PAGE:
• Licking their genitals – Although it's fairly common for dogs to lick their genitals, a dog with a urinary issue will do so more frequently. Likely, this is an attempt to soothe the discomfort, and their way of letting you know that not everything is going right down there. 
    • Bloody or cloudy urine – Although you won’t be having your pup pee into a cup, it’s a good idea to watch as they pee to see whether the liquid looks normal. Blood in the urine is never a good sign, so if you see it, seek help immediately.

      Additional dog symptoms of urinary issues that are more generalized include:

      • Back discomfort
      • Dribbling urine
      • Exhaustion
      • Fever
      • Loss of appetite
      • Strong odor to the urine
      • Vomiting
      • Weight loss

        Diagnosing Urinary Issues

        If you witness the signs of a urinary issue in your dog, it would be wise to take them to the vet as soon as possible. Nipping the problem in the bud is wise since it allows you to:

        • Treat the problem should it be an uncomplicated urinary issue, thus alleviating your dog’s discomfort.
        • Identify if there are more serious underlying issues at hand which require immediate attention. 

        At the vet’s office, the vet will perform a routine review of your dog’s previous health history and ask you about the exhibited urinary issue symptoms. Upon the completion of this medical review, the vet will likely request a urinalysis. You or the vet will then need to get a urine sample from the dog. Once that has been received, the urine sample will be tested for:

        • Proteins
        • Bacteria
        • Crystals

        That said, urinalysis only tells a partial story to your dog's urinary tract health, particularly in cases of diagnosing complicated urinary issues. A study on the matter had this to say:

        Sediment analysis alone is inadequate for diagnosis of urinary issues because of problems regarding the variable quality of interpretation, stain contamination, and false-positive results from bacteriuria in the absence of clinical infection. Hematuria and proteinuria are often present with a urinary issue, but they are nonspecific and may be caused by noninfectious conditions…. Complete urinalysis, including urine-specific gravity, urine glucose level determination, and examination of the sediment for crystalluria is considered a minimum database for evaluation of suspected urinary issues and may be helpful to investigate underlying causes of infection, if present.

        Preventing Urinary Issues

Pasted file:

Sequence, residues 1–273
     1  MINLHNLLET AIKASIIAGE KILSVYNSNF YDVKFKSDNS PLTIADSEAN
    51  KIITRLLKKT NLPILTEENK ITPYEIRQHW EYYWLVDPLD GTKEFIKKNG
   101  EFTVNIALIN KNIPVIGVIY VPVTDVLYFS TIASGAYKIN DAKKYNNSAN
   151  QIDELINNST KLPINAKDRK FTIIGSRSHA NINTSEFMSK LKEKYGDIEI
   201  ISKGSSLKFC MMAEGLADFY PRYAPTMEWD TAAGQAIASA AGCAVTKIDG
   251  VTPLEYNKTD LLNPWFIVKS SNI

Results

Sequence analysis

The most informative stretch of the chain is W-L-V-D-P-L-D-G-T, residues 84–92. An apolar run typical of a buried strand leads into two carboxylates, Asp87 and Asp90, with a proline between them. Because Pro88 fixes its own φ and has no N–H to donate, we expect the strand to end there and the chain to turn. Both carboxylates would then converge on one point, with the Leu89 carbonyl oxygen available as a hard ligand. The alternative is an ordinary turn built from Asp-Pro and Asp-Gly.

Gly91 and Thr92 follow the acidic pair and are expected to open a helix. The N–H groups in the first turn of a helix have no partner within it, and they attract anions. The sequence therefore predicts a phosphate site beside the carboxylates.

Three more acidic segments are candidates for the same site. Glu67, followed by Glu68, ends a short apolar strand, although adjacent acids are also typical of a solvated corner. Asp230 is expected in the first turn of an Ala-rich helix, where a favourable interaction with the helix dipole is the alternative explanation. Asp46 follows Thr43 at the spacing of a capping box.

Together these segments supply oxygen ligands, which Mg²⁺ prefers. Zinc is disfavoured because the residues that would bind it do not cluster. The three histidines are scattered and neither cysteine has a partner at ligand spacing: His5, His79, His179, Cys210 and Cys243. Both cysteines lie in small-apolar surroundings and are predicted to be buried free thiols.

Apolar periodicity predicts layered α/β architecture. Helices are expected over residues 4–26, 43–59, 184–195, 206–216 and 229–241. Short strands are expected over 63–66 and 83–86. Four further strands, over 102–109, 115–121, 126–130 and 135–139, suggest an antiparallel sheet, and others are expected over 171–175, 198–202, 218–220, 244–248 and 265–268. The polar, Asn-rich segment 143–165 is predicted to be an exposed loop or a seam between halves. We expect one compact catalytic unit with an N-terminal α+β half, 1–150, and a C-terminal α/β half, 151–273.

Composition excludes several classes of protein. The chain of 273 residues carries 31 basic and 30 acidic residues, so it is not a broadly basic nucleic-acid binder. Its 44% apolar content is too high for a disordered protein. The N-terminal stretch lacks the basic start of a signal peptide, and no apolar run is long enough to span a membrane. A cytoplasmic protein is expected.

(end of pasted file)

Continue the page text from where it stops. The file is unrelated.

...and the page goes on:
Although it’s impossible to altogether prevent your dog from developing a urinary issue, there are, in fact, steps you can take to make it a less likely or frequent occurrence. Such actions include:

        • Leave fresh water – It’s essential that you change out your dog’s water frequently. Doing so will help prevent the buildup and ingestion of bacteria. By giving them plenty of clean water, you help them clean out their systems by frequently urinating. 
        • Let them urinate regularly – Although sometimes unavoidable, it’s wise to let your dog out to urinate as regularly as possible. Forcing them to hold in their urine can cause urinary problems to develop, especially if it becomes a pattern. 
        • Give them probiotics – Good and healthy bacteria provided by probiotics will help boost their immune system and fight off nasty bacteria. You can easily provide this in your dog’s diet with probiotic supplements for dogs.
        • Give them cranberry supplements- In the same way that cranberries help prevent UTIs for humans, including a cranberry supplement for dogs in your dog’s diet can minimize the likelihood of a urinary issue by keeping PH levels normal and ensuring optimal bladder function.

          Use antibacterial wipes – Antibacterial wipes can be used to clear and clean your dog’s urinary opening of any debris or lingering bacteria. Although unpleasant, such preventative action can help immensely.

        Dealing with Your Dog’s Urinary Issues

        You should expect that your dog will have to deal with a urinary issue during their lifetime. If they manifest the symptoms discussed above, take them to the vet as soon as possible. Doing so will allow the doctor to perform tests and provide a proper course of action. 

        Fortunately, the vast majority of urinary issues  can be remedied quickly. So, keep in mind these symptoms of urinary issues in dogs and you’ll forever be ready to act and treat it should your dog develop one. By being proactive and arming yourself with this knowledge, you will have the tools you need to ensure that your dog's health is at its best!